• Implement project management best practices
    Modernizing capital project delivery requires the City to take advantage of new approaches to project management, and develop custom-built technology solutions designed for managing complex public projects that integrate well with other City systems.Integrated project delivery is a project management approach that maximizes efficiency and ensures accountability. With this method, integrated teams with dedicated leadership can take a holistic approach to managing projects by overseeing the project through each of the design, procurement, and construction phases. DDC’s project management structure is beginning to utilize these principles, although integrated project delivery must become more widespread across all City agencies.These project management teams must be equipped with the necessary technology systems to be effective. DDC’s Benchmark offers a vision for modern, custom-built project management software. Part of DDC’s $16 million information technology strategic plan, Benchmark incorporates online project initiation, front-end planning, and a project management delivery system that facilitates payment processing. By building Benchmark in-house, the tool is customized to DDC’s needs, is well integrated with other City systems such as the Financial Management System (FMS) and PASSPort, and lays the foundation for partner agencies to integrate into the system as well.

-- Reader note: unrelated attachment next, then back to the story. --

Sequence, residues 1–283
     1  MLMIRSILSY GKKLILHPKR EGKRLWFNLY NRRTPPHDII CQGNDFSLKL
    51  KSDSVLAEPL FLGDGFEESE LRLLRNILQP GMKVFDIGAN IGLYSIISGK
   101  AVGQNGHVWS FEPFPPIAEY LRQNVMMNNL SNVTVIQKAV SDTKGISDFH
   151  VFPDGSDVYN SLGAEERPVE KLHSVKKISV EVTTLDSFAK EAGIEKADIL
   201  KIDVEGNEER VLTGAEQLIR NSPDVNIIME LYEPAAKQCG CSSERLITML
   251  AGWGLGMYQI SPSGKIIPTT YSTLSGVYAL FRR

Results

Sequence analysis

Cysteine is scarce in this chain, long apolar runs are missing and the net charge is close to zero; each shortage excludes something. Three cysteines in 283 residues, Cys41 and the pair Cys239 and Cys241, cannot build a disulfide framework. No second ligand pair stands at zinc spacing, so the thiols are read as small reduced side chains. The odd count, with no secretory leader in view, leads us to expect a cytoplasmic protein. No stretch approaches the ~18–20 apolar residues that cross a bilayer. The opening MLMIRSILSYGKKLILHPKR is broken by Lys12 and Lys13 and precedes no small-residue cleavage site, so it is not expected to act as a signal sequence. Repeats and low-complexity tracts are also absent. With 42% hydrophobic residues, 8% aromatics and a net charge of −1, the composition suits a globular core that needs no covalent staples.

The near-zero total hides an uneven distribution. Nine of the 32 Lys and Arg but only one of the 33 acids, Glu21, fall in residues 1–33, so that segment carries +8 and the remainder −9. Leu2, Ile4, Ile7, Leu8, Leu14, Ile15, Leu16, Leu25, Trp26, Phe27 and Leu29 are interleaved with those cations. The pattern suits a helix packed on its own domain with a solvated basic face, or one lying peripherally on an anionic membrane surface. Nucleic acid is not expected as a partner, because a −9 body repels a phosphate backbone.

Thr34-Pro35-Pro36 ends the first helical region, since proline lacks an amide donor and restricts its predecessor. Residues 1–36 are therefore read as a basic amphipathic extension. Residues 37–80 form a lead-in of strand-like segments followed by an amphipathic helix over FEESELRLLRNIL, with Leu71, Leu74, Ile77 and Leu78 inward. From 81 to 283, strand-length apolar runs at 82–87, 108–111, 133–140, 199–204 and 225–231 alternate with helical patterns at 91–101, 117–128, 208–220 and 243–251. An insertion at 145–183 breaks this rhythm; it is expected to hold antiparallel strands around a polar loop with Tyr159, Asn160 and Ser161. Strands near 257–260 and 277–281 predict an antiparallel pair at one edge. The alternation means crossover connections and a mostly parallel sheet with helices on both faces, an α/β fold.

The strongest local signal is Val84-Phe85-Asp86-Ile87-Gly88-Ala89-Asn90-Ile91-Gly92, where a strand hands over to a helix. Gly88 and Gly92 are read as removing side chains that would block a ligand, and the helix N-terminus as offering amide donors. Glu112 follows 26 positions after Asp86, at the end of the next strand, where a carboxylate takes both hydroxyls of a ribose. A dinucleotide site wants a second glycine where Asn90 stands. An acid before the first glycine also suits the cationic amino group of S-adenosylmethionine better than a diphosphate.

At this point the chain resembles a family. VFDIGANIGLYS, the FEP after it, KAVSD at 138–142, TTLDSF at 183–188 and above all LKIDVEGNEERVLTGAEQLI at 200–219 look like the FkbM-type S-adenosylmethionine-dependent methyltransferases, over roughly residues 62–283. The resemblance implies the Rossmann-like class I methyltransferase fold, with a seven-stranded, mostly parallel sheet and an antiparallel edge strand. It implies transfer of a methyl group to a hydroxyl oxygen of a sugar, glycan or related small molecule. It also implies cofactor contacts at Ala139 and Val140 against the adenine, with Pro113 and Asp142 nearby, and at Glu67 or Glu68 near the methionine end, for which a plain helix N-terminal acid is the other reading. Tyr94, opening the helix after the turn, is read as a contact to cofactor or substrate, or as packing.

• Deepen public accountability through expansion of the Capital Projects Dashboard
    The City maintains a dashboard that tracks all capital projects over $25 million, which allows New Yorkers to track and analyze the City’s delivery of projects. As modern project management software becomes more widely used by agencies, the Capital Projects Dashboard can integrate with these systems and expand to include a larger universe of projects and better geographic information.
Maintain the infrastructure we have, and ensure existing infrastructure is retrofitted for climate change and emergency preparedness.
– Resident of Upper West Side, Manhattan